In Dalmare SpA v Union Maritime Ltd (The “Union Power”), the court was required to decide whether a term as to satisfactory quality was to be implied into an MOA on the Norwegian Saleform 1993.
The MOA provided at clause 11 that the vessel was to be “delivered and taken over as she was at the time of inspection, fair wear and tear excepted”. When a dispute arose, the buyers argued that a term as to satisfactory quality was to be implied into the MOA by way of s.14(2) of the Sale of Goods Act 1979 (the “Act”). The sellers argued that the provision of clause 11 that the vessel was to be sold “as she was” was inconsistent with implying such a term.
The arbitrators found in favour of the buyers, finding that a term as to satisfactory quality should be implied into the MOA.
Arguments on Appeal
On appeal, the sellers argued that the words “as she was” were similar to phrases such as “as is” or “as is, where is”, the settled meaning of which was that the buyer took the goods as he found them. There was no warranty or condition as to quality or fitness for purpose. This was inconsistent with the implied terms set out in the Act, and so excluded their application.
The buyers, on the other hand, argued that the implied terms applied unless the parties either expressly contracted out of them or provided for a clear alternative regime which was wholly inconsistent with the implied terms (for example, a whole agreement clause).
The Court’s Findings
The Court found in favour of the buyers, and agreed that the implied terms would apply unless the parties specifically contracted out of them. In this case, they had not done so.
As regards the phrases such as “as is” or “as is, where is”, the judge noted that the only comments on these words excluding the implied terms set out in the Act were made obiter. There was no binding decision on this point. Further, even if one meaning of the phrase “as she was” was to exclude the implied terms, the sellers could not establish that this was the only meaning the words were intended to have. This was fatal to the sellers’ case.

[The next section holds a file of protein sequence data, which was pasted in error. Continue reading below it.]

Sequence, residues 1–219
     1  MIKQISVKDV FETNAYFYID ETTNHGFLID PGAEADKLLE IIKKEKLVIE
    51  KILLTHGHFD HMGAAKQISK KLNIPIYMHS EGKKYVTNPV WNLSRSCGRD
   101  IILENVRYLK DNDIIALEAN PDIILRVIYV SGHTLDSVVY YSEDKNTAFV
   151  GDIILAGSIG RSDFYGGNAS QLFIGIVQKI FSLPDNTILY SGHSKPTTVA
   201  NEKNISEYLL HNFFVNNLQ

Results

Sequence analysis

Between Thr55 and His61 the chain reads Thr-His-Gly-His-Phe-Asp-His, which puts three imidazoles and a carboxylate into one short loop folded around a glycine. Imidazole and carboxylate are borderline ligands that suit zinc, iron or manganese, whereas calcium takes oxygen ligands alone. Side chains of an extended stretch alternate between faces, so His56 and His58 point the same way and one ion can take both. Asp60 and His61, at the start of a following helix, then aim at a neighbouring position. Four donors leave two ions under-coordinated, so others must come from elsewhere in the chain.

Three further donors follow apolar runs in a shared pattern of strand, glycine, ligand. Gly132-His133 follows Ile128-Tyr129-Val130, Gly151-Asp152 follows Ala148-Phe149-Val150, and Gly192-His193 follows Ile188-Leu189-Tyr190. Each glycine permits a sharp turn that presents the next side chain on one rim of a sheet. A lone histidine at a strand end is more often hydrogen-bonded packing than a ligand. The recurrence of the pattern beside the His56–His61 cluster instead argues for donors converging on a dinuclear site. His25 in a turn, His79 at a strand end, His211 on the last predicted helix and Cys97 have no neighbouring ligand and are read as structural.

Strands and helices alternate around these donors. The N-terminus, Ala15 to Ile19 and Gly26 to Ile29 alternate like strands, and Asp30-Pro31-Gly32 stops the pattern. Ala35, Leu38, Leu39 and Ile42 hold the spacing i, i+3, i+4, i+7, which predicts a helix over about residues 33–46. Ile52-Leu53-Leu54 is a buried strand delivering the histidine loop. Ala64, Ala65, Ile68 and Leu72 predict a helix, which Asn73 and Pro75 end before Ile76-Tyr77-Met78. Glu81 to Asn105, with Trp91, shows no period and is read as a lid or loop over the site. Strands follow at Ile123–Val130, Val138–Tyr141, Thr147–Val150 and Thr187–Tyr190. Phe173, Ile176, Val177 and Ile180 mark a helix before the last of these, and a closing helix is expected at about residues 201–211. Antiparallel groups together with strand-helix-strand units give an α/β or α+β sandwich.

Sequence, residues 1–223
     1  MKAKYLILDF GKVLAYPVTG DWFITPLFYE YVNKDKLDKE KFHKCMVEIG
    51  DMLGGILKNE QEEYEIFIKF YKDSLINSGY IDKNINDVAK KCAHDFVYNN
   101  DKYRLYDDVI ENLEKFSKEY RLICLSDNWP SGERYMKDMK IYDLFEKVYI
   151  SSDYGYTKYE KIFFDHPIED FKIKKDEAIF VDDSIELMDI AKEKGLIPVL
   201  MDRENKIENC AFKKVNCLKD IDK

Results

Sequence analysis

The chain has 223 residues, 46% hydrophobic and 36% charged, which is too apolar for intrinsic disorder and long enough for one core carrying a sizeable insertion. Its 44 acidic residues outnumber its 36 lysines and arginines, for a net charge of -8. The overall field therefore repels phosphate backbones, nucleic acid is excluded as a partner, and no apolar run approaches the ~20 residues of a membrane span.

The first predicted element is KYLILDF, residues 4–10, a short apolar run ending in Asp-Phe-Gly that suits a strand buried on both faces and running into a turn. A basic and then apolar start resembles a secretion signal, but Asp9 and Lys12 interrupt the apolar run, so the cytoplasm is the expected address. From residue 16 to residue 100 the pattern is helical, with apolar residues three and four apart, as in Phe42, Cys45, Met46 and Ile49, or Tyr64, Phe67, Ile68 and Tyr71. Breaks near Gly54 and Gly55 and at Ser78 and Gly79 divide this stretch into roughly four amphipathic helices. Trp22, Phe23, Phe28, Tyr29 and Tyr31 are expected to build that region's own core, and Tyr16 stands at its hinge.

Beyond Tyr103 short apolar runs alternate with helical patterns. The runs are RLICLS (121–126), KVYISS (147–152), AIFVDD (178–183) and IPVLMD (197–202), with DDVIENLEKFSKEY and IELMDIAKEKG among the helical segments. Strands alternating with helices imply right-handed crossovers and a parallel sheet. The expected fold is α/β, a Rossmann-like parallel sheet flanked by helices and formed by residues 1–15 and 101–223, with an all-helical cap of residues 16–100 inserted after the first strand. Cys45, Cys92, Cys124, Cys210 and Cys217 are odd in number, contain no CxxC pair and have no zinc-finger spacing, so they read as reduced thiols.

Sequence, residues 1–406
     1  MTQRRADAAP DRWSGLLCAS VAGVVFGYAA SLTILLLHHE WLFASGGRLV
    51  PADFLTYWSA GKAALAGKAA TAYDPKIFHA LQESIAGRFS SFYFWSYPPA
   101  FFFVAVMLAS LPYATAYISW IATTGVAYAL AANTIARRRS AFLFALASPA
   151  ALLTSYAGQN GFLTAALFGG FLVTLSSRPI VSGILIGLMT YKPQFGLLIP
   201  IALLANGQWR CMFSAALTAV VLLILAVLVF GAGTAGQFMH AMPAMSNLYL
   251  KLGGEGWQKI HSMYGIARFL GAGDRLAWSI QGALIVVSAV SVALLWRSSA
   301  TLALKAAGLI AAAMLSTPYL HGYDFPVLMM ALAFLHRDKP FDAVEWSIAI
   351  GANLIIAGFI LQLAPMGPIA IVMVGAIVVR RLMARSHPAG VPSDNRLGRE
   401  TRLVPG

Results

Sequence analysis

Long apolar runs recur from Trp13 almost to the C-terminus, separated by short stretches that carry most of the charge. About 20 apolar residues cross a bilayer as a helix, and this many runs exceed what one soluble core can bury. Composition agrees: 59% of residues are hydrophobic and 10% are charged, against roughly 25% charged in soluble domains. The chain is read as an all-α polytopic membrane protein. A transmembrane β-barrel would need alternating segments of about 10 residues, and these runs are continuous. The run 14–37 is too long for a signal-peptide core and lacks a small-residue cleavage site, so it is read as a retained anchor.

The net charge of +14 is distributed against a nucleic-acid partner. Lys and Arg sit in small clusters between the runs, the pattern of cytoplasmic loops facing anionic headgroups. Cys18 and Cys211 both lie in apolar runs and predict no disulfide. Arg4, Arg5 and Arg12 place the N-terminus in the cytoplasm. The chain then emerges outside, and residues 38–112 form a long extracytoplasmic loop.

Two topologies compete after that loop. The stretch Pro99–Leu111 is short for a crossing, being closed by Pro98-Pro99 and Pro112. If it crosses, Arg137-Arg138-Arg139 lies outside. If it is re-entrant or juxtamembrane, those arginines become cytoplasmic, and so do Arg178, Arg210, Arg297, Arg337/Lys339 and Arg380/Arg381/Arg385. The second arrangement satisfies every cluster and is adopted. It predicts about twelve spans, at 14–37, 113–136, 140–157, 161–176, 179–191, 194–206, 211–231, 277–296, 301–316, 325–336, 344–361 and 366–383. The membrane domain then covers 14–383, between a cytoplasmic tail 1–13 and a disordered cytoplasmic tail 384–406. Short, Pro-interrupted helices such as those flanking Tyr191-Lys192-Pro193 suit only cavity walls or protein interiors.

This is the first decision on the application of the Sale of Goods Act implied terms to the Norwegian Saleform 1993. The judge maintained the general position under English contractual law, i.e. that terms as to quality and fitness for purpose will be implied unless the parties clearly and specifically contract out of them.
Such contracting out must be clear and unequivocal. It was fatal to the sellers’ case that the words which they said excluded the implied terms (“as she was”) were capable of having more than one meaning. This emphasises the importance of clarity in drafting contract terms, and ensuring that the terms are precise in reflecting the intentions of the parties.